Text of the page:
Policing, Justice, and the Radical Imagination
Issue number 137 (May 2020)
Abstract Deadline: September 1, 2018
Co-Edited by Amy Chazkel, Monica Kim, and Naomi Paik
Radical History Review seeks proposals for contributions to a forthcoming issue that will bring together historically oriented scholarship and politically engaged writing that examine places and times without police. Social movements like the Brazilian campaign Reaja ou será mort@ (React or Be Killed) and Black Lives Matter in the U.S. seek not only to redress and prevent the harms inflicted by police and prisons, but also to reenvision forms of social organization that do not rely on such institutions of state violence at all. Indeed, the Movement for Black Lives (M4BL) centrally calls for their abolition, meaning not just dismantling these institutions of public discipline but also redistributing their capacities into institutions of real community safety, like schools, hospitals, and public spaces. While the idea of a world without police may appear utopian, this issue of RHR challenges us to take this proposition seriously. What would a world without police look like, and how might it function? How might radical histories of policing allow us to imagine such a world?
We welcome contributions that challenge the necessity of violence and authoritarian oversight in structuring social order, or that use historical study to disrupt the assumption that police are necessary. This issue aims to present a critically broadened set of political stakes, practices, and visions in the imagining of radical alternatives, through investigations of social peace and public discipline that existed before or against the institutionalization of the police–those that actually existed as well as those projected but never realized. We are interested in how people and societies have challenged the institutionalization of policing as a natural extension of the modern state, as well as in how different forms of policing arose in eras before or spaces beyond the modern state.
Submissions may focus on all parts of the world during any time period, and those that examine places outside the US and premodern histories are especially encouraged.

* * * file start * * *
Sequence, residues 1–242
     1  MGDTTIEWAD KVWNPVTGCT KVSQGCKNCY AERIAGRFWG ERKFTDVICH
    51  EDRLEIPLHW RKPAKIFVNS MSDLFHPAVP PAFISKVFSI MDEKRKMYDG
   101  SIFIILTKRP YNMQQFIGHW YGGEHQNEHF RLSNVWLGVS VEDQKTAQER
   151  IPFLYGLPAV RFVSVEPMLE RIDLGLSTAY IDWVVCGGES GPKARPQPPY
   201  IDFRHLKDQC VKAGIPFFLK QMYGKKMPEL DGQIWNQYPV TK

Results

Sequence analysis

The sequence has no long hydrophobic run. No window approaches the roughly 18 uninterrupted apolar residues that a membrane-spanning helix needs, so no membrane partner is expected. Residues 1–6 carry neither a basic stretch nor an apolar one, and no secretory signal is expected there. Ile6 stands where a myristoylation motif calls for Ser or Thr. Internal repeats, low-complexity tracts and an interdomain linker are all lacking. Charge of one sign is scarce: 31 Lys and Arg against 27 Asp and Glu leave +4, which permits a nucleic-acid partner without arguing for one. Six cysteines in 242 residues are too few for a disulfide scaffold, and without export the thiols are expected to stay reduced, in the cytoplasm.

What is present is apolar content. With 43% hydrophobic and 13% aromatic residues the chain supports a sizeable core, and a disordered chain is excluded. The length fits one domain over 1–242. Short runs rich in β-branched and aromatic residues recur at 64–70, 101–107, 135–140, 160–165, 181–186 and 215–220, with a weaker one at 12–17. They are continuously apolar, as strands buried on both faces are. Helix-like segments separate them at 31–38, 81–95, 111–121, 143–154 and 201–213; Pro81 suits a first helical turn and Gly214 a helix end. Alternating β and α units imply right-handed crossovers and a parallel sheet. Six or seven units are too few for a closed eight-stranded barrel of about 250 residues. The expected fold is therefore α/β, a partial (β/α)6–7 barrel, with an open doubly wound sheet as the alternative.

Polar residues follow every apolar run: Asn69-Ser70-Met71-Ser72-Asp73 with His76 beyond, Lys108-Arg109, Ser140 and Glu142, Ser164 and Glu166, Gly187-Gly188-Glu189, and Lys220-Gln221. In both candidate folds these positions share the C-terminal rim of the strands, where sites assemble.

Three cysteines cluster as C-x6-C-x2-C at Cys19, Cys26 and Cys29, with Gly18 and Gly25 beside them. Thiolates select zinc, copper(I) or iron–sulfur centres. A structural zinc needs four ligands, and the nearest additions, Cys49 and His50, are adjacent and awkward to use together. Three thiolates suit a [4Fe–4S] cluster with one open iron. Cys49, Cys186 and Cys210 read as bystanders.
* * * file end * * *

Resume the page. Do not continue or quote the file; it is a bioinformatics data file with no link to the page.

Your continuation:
Possible topics include:
- New forms of policing and public order that have arisen during “transitional” moments, such as foreign occupation, decolonization or emancipation, or during crises like blackouts or natural disasters
- Pre-police practices of community safety
- What might histories of societies without police reveal about the relationship between policing and capitalism? What did public safety mean before capitalist property relations and modern state formations?
- A world beyond police as represented in popular culture
- Considerations of the types of social control workers who preceded, replaced, or acted against or alongside police, like bounty hunters, slave catchers, night watchmen, paramilitary actors, subcontractors, security guards, Minutemen, vigilantes, self-defense committees, teachers
- Police as workers, and understanding the labor of policing in the context of abolitionism
- Language and radical etymologies: What vocabularies for describing/imagining worlds without police have been available?
Procedures for submission of articles:
The RHR publishes material in a variety of forms. We welcome submissions that use images as well as text. In addition to monographic articles based on archival research, we encourage submissions to our various departments, including: Historians at Work; Teaching Radical History; Public History; Interviews; and (Re)Views.
By September 1, 2018, please submit a 1-2 page abstract summarizing the article you wish as an attachment to firstname.lastname@example.org with “Issue 137 Abstract Submission” in the subject line. By November 1, 2018, authors will be notified whether they should submit a full version of their article for peer review. Completed articles will be due on February 15, 2019.
Those articles selected for publication after the peer review process will be included in issue 137 of the Radical History Review, scheduled to appear in May 2020.